Digger - November 12, 2009
Notwithstanding the Borrego Water District General Manager's frequent requests for community participation in decision making and claims to openness, since early 2008 when he was hired there has been a disturbing trend toward less timely and complete disclosure and more control, if not actual manipulation, of information about the District. As evidence, consider the following:
In general, there has been a persistent problem in getting matters of concern to the public on the board's agenda. There appears to be no established procedure for doing so; and even when an item does appear on the agenda, it all too frequently results in no meaningful response or none at all from the board or the General Manager, and a hasty dismissal with no resolution.
In February 2008 the District reduced the time audio tapes of meetings are held from 5 years to between 30 and 60 days without compelling reason to do so which suggests that the board and the General Manager simply want to prevent or severely limit the public's access to these verbatim records of meetings.
In April 2008 the General Manager, Rich Williamson, met with only those who opposed the implementation of the original tiered water rates proposal, cut a deal that favored those who opposed it and significantly weakened the original proposal, and then "sold" it to a public meeting by filibustering any objections that were raised. Although the board eventually passed the weakened version, his actions prompted an unprecedented formal minority report by some members of the board.
In October 2008 the District disclosed that it had for sometime been working with a consultant on an Integrated Water Resources Management Plan, but only after the fourth and final draft of the plan had been completed. Even then the identity and recent employment history of the principle author was not disclosed despite the fact that it goes directly to the confidence - or lack thereof - that can be placed in the plan.
In December 2008 the board made a highly unpopular decision under questionable circumstances to offer free health insurance to board members and to their dependents and domestic partners at a small fraction of its actual cost to the District. There are legitimate questions about whether the agenda for the meeting gave adequate notice of the matter and concurrence among members of the board on the matter prior to the meeting.
February 2009 a special board meeting raised a number of questions of intent and good faith, such as: Why did a number of seemingly complex issues arise so suddenly that a special meeting was required to deal with them? Why were the agenda items so brief, cryptic, and opaque? Why was there no amplifying information in an agenda pack for the meeting? In particular, the Clark Dry Lake project that was discussed at that meeting was and is especially troubling. It gave every appearance of an attempt to ram through a disingenuous, grand-stand play calculated to take advantage of our nation's economic plight to obtain ten million stimulus dollars for a pipeline to nowhere.
In June 2009 the General Manager flatly refused, and continues to refuse, to allow members of the board to access the Association of California Water Agencies website, including that part of the site specifically devoted to information intended for water agency boards of directors.
In June 2009 the Borrego Water District considered an overly and unnecessarily restrictive Resolution 2009-6-6 establishing a time limit for speakers at board hearings and meetings of not more than three (3) minutes, which time may not be transferred or yielded from one speaker to another. The public's right to remain informed and retain control of public agencies necessitates the right to query decision makers within public agencies. That right is gratuitously truncated and frustrated by Resolution 2009-6-6 which appears to have no rationale or justification except to stifle public discussion of the District's shenanigans.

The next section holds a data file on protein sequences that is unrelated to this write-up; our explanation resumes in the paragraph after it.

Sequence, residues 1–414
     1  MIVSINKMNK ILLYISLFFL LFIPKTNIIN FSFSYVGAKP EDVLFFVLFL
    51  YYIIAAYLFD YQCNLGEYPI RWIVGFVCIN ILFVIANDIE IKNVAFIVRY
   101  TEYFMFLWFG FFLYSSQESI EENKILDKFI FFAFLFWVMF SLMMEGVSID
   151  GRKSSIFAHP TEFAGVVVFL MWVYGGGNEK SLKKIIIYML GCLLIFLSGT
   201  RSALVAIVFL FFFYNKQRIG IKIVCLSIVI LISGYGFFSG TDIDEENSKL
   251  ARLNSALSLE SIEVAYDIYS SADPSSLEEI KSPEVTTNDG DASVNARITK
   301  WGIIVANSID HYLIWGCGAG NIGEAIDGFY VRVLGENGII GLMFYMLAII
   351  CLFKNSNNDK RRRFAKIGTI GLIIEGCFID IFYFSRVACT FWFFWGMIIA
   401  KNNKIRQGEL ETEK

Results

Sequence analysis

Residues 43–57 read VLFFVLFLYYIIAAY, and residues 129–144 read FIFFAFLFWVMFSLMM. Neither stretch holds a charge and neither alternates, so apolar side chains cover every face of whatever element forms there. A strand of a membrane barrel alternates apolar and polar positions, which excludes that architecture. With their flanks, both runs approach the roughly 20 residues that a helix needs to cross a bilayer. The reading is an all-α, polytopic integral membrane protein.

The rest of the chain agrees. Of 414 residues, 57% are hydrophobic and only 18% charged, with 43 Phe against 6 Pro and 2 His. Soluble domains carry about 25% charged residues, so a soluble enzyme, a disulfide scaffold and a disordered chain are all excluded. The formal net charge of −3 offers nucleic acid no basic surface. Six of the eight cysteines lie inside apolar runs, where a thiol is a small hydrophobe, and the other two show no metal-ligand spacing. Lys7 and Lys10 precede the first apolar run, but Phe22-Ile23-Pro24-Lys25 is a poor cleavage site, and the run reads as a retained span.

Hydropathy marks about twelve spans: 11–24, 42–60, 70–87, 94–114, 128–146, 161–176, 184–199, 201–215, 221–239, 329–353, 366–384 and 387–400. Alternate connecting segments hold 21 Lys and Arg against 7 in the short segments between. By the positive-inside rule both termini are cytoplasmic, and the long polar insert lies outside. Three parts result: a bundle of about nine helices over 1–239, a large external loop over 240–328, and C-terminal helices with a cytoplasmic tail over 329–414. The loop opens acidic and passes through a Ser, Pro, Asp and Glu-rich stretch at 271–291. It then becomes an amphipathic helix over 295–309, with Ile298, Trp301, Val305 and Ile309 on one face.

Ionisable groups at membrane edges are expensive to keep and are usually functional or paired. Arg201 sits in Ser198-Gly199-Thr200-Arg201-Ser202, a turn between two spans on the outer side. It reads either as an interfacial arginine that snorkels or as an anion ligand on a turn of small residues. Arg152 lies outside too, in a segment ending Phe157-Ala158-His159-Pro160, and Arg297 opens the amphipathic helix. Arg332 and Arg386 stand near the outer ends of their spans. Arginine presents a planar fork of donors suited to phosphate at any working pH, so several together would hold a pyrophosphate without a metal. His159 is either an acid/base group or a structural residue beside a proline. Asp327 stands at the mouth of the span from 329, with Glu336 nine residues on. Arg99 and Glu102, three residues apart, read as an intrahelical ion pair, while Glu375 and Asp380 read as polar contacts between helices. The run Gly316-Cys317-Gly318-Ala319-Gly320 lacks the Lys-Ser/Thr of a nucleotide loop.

In September 2009 Borrego Water District passed Resolution 2009-09-01 adopting a public records policy for the district, which, by itself, appears unobjectionable; but taken with the District's other questionable and nearly simultaneous efforts to restrict and reduce release of information about the District's affairs, nonetheless raises legitimate questions about motive and intent.
September 2009 the District adopted Borrego Water District's resolution 2009-09-04 regarding disclosure of district documents which contained severe restrictions regarding disclosure of District documents and appears, at least in part, to have as its purpose further reducing the public's access to information about the affairs of the District.
In October 2009 the District cited the Brown Act as a reason for refusing to provide the agenda packs for board meetings by e-mail to members of the public who request them in that format. The agenda packs are regularly provided to board members and others by e-mail and the agendas themselves for these meetings are routinely provided by e-mail to members of the public who request them in that format. Since the Brown Act treats the agenda packs as a proper part of the agenda and the District already provides the latter via e-mail, there is no reason that the agenda packs cannot be provided in the same format and every reason that they should be. To do otherwise is to make a distinction without a difference.
In aggregate, the above leave little doubt that there is an ongoing and purposeful attempt by the Borrego Water District to progressively reduce and restrict the public's right of access to information about its public agencies as guaranteed by the Brown Act and the California Public Records Act. The question is: Why?
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